Landlord/Tenant Questions & Answers

Written by Apartment Management Magazine on . Posted in Blog

Ted Kimball, Esq.

1.  Question:  Are email communications between tenant and landlord admissible in court?

Answer:  Yes, emails can be admitted into evidence (if all rules of evidence are met), but emails should not be used to serve notices (other than as specifically allowed by law).

2.  Question:  When a month-to-month resident decides to vacate without any notice, do the owners have the right to charge for thirty days after the move-out to comply with their month-to-month agreement?

Answer:  Yes, you can charge up to the time the premises are relet or thirty days from the date of their departure, whichever occurs first, so long as you make diligent attempts to relet the property.

3.  Question:  Our tenant gave a Thirty Day Notice of Termination, intending to move out on the 10th of the next month.  Since the rent was due on the first of the month, can we require the tenant to have given thirty days’ notice on the first of the month?

Answer:  Once you are on a month-to-month tenancy, either party can terminate it by serving a Thirty Day Notice at any time.  They are, however, responsible for the rent up to the date the Thirty Day Notice expires, so they would owe pro rata rent for the following month.

4.  Question:  I had to go through an eviction to regain possession of one of my rentals.  I also received a judgment for the rent, court costs and my attorneys’ fees.  How can I collect this judgment?  Do I have to go back to court?

 Answer: The law provides for a variety of ways to collect the judgment.  Recording an abstract of judgment, wage garnishments, bank levies, attachment of personal property and judgment debtor examinations are formal ways to collect monetary judgments. Receiving accurate information on the rental application allows optimal opportunity to collect.

5.   Question:  One of my tenants vacated the property and left his roommate behind.  Both signed the rental agreement and now the tenant who vacated is demanding his share of the security deposit be returned to him.  Is he right?  What should I do?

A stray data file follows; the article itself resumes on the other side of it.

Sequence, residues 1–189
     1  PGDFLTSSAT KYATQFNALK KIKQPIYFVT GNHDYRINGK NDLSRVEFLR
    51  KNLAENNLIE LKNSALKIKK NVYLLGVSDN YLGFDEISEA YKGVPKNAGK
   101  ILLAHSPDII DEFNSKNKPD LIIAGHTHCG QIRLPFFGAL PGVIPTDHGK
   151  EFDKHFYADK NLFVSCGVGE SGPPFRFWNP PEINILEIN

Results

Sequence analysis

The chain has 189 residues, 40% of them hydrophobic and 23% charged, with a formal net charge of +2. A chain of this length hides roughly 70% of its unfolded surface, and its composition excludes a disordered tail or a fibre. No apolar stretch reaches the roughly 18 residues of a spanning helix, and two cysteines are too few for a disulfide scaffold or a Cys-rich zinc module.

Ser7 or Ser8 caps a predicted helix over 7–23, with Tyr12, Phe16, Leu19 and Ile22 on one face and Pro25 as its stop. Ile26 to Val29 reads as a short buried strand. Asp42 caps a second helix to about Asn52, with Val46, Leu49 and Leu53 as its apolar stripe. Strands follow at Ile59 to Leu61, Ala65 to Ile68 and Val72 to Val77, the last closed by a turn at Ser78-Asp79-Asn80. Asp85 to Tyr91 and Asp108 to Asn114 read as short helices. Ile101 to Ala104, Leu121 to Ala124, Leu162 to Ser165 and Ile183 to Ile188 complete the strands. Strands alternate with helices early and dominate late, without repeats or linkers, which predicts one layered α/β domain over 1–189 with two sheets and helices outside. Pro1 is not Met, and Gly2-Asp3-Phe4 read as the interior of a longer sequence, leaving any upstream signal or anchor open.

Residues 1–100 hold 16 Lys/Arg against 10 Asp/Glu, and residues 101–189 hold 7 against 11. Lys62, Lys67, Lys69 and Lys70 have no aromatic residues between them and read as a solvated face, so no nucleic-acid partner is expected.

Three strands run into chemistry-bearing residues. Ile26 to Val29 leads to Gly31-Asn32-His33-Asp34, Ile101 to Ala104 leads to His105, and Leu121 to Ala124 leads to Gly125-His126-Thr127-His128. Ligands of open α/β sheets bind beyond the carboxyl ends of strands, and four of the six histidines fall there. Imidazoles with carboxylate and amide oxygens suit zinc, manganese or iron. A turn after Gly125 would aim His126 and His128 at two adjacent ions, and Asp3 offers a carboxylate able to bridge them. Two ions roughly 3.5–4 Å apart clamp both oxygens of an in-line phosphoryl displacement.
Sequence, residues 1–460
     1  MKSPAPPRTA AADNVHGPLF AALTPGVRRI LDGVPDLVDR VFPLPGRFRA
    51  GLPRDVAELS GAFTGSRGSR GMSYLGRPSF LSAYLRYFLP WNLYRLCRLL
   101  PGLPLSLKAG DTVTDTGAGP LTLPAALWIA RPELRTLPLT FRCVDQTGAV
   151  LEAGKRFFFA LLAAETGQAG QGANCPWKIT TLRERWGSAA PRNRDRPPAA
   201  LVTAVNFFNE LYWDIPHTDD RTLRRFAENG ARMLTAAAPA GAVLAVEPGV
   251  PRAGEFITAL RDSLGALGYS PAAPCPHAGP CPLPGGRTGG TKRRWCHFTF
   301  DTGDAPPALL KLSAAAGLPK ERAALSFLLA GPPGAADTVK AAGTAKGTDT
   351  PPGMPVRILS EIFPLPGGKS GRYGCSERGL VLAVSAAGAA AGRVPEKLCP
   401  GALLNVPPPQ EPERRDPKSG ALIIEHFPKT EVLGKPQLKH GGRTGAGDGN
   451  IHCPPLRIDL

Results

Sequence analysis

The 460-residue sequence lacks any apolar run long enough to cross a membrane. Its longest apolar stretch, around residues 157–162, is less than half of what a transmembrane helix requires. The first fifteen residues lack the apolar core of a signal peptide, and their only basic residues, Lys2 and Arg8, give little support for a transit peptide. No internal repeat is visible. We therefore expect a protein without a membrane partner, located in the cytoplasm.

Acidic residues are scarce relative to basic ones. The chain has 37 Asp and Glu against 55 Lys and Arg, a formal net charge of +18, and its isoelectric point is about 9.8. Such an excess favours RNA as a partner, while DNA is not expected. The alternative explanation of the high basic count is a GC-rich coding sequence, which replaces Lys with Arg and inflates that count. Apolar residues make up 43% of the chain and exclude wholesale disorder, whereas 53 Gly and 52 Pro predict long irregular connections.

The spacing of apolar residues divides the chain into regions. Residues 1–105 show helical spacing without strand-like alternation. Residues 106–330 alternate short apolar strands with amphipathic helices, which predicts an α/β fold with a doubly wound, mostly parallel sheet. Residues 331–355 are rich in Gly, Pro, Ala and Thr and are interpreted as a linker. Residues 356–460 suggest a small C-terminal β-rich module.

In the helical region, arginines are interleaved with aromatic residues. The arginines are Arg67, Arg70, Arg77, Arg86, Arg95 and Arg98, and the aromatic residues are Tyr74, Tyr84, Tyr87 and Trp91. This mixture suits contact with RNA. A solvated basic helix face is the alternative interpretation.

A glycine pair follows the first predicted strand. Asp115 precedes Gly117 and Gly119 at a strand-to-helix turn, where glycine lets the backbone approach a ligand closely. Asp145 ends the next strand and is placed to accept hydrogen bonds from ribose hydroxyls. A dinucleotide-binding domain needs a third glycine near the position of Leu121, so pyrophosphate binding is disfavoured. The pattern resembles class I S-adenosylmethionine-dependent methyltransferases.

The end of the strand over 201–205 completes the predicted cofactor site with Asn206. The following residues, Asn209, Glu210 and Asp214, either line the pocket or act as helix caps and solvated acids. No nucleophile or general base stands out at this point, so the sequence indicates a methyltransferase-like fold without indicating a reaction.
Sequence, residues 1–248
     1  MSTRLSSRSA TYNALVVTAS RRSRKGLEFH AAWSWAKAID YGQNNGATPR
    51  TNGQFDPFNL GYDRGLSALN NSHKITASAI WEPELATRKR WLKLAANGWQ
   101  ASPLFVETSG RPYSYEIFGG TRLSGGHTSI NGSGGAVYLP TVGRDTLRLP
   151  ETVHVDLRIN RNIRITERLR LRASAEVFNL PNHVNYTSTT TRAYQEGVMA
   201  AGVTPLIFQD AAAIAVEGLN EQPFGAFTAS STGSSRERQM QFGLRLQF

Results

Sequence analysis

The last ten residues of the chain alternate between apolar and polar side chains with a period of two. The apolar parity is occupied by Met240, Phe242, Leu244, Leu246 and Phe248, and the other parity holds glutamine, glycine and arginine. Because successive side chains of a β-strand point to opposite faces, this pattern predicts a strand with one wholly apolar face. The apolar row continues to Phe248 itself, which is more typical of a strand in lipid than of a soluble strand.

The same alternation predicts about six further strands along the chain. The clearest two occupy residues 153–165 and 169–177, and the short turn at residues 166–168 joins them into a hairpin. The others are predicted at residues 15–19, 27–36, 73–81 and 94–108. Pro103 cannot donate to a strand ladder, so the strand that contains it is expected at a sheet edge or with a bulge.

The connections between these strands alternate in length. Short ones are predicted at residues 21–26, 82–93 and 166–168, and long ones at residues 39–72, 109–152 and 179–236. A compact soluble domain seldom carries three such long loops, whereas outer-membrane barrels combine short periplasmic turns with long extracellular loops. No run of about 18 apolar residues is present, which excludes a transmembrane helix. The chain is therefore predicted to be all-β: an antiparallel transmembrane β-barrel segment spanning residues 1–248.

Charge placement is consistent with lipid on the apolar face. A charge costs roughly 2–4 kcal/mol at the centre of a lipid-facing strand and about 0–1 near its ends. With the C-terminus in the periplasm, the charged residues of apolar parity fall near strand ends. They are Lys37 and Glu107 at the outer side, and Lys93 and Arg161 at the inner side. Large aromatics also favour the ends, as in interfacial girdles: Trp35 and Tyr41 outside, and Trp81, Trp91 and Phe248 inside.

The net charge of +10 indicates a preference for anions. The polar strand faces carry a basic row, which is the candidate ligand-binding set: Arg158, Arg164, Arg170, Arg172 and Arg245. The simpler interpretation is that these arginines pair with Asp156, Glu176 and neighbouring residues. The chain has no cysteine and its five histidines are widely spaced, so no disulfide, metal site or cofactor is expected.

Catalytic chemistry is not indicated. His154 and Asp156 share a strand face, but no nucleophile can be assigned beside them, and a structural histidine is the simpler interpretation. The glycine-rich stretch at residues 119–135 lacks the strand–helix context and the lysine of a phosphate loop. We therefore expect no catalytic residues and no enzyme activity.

Answer: You are not required to return or account for the use of the security deposit until you regain possession of the property after all of the tenants have vacated.  California requires the deposit be accounted for in writing and sent to the last known address of the tenants no later than 21 days following the return of possession unless the lease requires an earlier time frame.  The tenant who vacated early should work out an arrangement with his former roommate.  You are under no obligation to account for the deposit at this time.

6. Question:  A tenant has left a lot of personal property after vacating.  How do I know if the value of the items left behind?

Answer: You can call a third party appraiser.  Alternatively, you can research what comparable items sell for in the community.  Research the replacement value, not the cost of purchasing a new item. 

7. Question:  My company policy is to have the computer system print notices to pay rent or quit that just state who is to receive payment, but there is no blue ink signature. Does this make them invalid?

Answer: California law requires that a person be named as agent for receiving payment in person on the notice, the address, telephone number, and hours/days of availability of this person be provided, but there is no requirement that this person sign the notice.  However, it is a good idea that the notice be signed to give it the personal touch and show the tenant that the information has been reviewed and is accurate.

Kimball, Tirey & St. John LLP is a full service real estate law firm representing residential and commercial property owners and managers. This article is for general information purposes only. While KTS provides clients with information on legislative changes, our courtesy notifications are not meant to be exhaustive and do not take the place of legislative services or membership in trade associations. Our legal alerts are provided on selected topics and should not be relied upon as a complete report of all new changes of local, state, and federal laws affecting property owners and managers. Laws may have changed since this article was published.  Before acting, be sure to receive legal advice from our office. For contact information, please visit our website:  www.kts-law.com.  For past Legal Alerts, Questions & Answers and Legal Articles, please consult the resource section of our website.

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